Amassing the Clinical Evidence for Optimized Dyslipidemia Ma - Episode 18

Managing Statin-Associated Symptoms

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The MD Magazine Peer Exchange “Amassing the Clinical Evidence for Optimized Dyslipidemia Management: Vitamin D, Long-Term Statin Outcomes, and PCSK9 Inhibition” features expert insight and analysis of the latest information on managing hypertension and hyperlipidemia, and in-depth discussion on the use of PCSK9 inhibitors in practice.

This Peer Exchange is moderated by Peter Salgo, MD, professor of medicine and anesthesiology at Columbia University and an associate director of surgical intensive care at the New York-Presbyterian Hospital in New York City.

The panelists are:

  • Christie Ballantyne, MD, Co-director of the Lipid Metabolism and Atherosclerosis Clinic at The Methodist Hospital, Director of the Center for Cardiovascular Disease Prevention at the Methodist DeBakey Heart Center, and the Chief of Cardiology at Baylor College of Medicine
  • Keith C. Ferdinand, MD, Immediate Past Chair of the National Forum for Heart Disease and Stroke Prevention, and Professor of Clinical Medicine at the Heart and Vascular Institute at Tulane University School of Medicine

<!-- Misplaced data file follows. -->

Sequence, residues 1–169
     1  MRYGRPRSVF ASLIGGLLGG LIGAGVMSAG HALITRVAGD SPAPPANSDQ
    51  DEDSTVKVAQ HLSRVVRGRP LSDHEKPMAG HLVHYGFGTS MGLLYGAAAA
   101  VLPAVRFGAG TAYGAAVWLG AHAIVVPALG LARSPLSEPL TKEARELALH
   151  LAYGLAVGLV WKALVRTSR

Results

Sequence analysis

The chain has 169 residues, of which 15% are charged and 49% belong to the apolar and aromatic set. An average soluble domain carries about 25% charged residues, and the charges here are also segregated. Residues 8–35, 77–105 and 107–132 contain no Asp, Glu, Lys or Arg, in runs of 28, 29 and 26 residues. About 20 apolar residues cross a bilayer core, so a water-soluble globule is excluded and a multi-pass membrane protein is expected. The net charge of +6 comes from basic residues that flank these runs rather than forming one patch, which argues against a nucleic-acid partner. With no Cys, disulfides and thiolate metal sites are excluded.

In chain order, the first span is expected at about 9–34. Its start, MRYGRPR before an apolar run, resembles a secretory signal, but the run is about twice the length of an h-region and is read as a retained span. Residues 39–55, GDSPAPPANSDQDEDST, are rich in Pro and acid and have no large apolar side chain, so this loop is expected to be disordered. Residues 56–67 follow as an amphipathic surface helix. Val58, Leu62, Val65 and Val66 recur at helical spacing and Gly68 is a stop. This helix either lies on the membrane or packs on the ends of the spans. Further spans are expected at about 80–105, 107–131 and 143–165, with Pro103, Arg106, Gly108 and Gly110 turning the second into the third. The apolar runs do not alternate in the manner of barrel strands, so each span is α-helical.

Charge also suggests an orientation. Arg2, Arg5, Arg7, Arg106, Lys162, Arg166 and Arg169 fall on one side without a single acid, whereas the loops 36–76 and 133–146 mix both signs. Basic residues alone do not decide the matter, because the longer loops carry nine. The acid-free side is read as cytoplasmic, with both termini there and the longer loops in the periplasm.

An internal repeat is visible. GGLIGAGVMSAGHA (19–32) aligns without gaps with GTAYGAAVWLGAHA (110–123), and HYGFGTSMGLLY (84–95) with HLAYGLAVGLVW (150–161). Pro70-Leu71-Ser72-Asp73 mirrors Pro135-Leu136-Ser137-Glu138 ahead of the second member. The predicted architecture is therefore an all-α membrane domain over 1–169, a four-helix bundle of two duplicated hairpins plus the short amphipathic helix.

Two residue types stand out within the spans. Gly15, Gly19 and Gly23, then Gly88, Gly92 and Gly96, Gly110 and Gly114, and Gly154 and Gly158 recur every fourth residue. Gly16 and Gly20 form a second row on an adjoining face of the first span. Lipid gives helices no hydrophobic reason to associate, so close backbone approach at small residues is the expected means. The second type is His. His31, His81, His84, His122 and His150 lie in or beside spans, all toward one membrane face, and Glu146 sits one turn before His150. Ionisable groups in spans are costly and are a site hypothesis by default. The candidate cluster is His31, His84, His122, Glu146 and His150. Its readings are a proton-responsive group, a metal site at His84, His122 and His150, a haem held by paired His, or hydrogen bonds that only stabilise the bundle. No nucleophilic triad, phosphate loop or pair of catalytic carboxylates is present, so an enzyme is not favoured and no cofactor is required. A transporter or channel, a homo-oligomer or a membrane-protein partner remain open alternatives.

• Jennifer G. Robinson, MD, MPH, Professor in the Departments of Epidemiology & Medicine and Director of the Prevention Intervention Center, Department of Epidemiology at the College of Public Health, University of Iowa
  • Karol E. Watson, MD, PhD, Professor of Medicine and Cardiology, Co-director of the UCLA Program in Preventive Cardiology, and Director of the UCLA Barbra Streisand Women’s Heart Health Program

While some cases of supposed statin-induced myopathy may be false alarms because of high baseline creatine kinase (CK) levels, as has been shown in African American men, physicians have an obligation to address symptoms when they are reported. Robinson reviewed the algorithm for managing myopathy symptoms from the guidelines. Watson added that when the symptoms are truly statin-related, stopping the statin should cause the symptoms to resolve very quickly. Another way to assess whether or not a patient has true statin-related myopathy, said Watson, is to get a good history at baseline of the patient’s pain exercise tolerance.